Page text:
Your player is correct
Making a special mechanical representation of this is very likely to cause problems, and you should not do so. A trait like this simply shouldn’t be in the dice’s hands—it is important to bring it up with care and judgment, in situations where it adds to the game. Otherwise, this sort of thing has a tendency to just derail games and annoy people.
Moreover, permanent disadvantage is not how the game works. If you just aren’t good at something, it is your bonus that should be lower—(dis)advantage is for circumstantial changes from that baseline. I would expect this character to have low Intelligence, and probably not have proficiency in any Intelligence-based skills. But we don’t need to bring special rules into this situation—the usual character creation schemes give s
ample opportunity to choose to assign a low number to Intelligence, except in the rare case where one rolls for scores and then rolls high for all six.
(Or if they have good Intelligence, I would want to talk about what that means. Been there, done that—one of my most successful characters was an absent-minded professor sort, but since he was also a professor of religion, theology, and medicine, he needed Wisdom rather than Intelligence. I just chose not to roll Perception checks when the DM called for one in the middle of him going on about his latest theory. It worked fine. The unfortunate reality is that the ability scores are massively overloaded and sometimes a character is supposed to be good at some parts of what one covers and not others, and the rules don’t handle that. It is rarely worth getting fancy with house rules to “fix” the situation, though—just roleplay it appropriately, and have clear communication about what everyone is doing. I mentioned the problem to my DM, and he agreed that it was more effort than it’s worth to start changing Wisdom classes to Intelligence for this.)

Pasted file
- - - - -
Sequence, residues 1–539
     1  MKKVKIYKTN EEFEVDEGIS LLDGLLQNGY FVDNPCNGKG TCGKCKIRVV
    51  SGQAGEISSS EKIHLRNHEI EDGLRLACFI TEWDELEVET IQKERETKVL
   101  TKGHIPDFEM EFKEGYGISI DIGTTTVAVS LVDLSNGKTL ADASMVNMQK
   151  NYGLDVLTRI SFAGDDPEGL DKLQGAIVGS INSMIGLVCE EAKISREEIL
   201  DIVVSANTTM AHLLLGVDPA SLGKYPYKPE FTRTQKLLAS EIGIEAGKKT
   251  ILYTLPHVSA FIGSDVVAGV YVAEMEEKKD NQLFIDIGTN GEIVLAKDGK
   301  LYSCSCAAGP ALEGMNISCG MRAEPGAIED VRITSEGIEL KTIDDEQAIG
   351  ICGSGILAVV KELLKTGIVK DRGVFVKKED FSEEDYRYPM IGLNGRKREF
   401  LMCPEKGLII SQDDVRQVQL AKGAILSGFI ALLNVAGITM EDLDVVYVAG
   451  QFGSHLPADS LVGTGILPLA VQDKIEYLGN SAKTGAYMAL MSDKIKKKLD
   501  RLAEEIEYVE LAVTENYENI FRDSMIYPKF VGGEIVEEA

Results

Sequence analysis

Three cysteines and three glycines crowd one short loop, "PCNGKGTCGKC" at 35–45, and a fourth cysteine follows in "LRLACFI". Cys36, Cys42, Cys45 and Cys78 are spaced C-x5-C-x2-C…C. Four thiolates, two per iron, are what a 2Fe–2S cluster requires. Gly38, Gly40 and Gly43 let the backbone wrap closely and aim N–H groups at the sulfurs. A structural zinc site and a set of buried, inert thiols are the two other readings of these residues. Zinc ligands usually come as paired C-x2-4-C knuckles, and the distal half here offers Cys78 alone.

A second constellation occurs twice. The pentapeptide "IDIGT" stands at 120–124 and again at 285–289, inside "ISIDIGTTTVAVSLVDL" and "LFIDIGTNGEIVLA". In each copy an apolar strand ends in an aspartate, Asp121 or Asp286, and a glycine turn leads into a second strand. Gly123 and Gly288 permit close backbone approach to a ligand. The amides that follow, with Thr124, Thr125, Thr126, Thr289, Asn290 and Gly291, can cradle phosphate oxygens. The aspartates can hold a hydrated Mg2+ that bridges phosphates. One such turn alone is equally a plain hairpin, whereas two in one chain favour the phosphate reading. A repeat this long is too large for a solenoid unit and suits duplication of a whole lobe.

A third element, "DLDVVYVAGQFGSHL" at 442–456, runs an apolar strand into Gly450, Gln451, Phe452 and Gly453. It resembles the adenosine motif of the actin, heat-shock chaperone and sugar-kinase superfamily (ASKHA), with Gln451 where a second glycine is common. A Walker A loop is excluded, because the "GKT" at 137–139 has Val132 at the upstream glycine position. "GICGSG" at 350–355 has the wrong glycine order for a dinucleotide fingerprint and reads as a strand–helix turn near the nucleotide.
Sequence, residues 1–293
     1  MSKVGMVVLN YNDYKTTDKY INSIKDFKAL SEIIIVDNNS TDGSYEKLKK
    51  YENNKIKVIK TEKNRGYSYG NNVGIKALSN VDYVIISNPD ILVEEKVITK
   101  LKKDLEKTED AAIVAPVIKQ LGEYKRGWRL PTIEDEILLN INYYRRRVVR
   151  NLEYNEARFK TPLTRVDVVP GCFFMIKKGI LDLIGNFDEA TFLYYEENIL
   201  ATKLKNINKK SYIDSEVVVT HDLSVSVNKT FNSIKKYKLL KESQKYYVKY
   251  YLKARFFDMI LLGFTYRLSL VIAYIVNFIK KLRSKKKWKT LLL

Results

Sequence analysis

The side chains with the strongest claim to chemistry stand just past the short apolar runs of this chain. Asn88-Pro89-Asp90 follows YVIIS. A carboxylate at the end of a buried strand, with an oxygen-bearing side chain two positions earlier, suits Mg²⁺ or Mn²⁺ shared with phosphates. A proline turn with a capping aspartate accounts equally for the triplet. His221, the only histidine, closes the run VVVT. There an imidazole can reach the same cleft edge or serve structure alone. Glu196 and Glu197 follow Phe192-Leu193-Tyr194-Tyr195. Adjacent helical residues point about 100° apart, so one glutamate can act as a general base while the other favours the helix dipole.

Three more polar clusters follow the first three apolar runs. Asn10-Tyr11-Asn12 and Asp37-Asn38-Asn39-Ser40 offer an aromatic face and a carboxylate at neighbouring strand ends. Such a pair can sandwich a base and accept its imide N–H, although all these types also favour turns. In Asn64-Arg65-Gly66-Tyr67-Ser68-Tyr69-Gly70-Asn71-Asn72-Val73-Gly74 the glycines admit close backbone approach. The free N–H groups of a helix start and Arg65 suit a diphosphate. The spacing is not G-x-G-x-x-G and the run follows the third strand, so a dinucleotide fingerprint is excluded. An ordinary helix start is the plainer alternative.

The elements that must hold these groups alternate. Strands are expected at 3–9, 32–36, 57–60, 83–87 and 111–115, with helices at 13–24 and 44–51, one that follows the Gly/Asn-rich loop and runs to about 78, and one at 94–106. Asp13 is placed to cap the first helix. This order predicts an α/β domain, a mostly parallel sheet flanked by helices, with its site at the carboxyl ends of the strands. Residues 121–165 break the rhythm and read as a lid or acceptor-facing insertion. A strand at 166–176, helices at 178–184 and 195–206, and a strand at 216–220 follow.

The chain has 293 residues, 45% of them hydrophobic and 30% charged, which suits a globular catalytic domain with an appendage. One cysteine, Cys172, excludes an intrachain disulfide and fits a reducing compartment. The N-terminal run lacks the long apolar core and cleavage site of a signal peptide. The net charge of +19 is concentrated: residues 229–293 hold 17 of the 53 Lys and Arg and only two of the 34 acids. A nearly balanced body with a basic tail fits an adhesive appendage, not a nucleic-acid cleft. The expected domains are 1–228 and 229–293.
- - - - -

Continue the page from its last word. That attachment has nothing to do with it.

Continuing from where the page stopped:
And most importantly, this is not your character. You get the entire world to control—with the exceptions of the handful of player characters. The player absolutely should be pushing back on this, and you need to accept this. They wanted a role-playing quirk. You are trying to push them to accept a potentially-substantial extra disadvantage not seen by any other character in order to have it. That isn’t anything the game calls for (since, per the first paragraph, it causes problems), isn’t what the player tacitly agreed to when they agreed to play D&D (since, per the second paragraph, it isn’t how the game models poor memory), and thus really isn’t an appropriate demand for you to make. It could have been an idea to bring up, if the player was interested you could have tried to balance it out with some other bonus, but they weren’t. That’s their call and that’s when you needed to back off.
All this player is saying is that they have normal kinds of poor memory, the kind that suggests a below-average Intelligence score. What you are trying to do is turn that into some kind of special, severe chronic ailment, the kind that suggests a medical diagnosis and quite possibly an early retirement—certainly from a career as demanding as adventuring. That isn’t what they’re going for and they’ve said as much. That should have been the end of the conversation, and I think it would be appropriate to apologize for pushing on them so hard on this.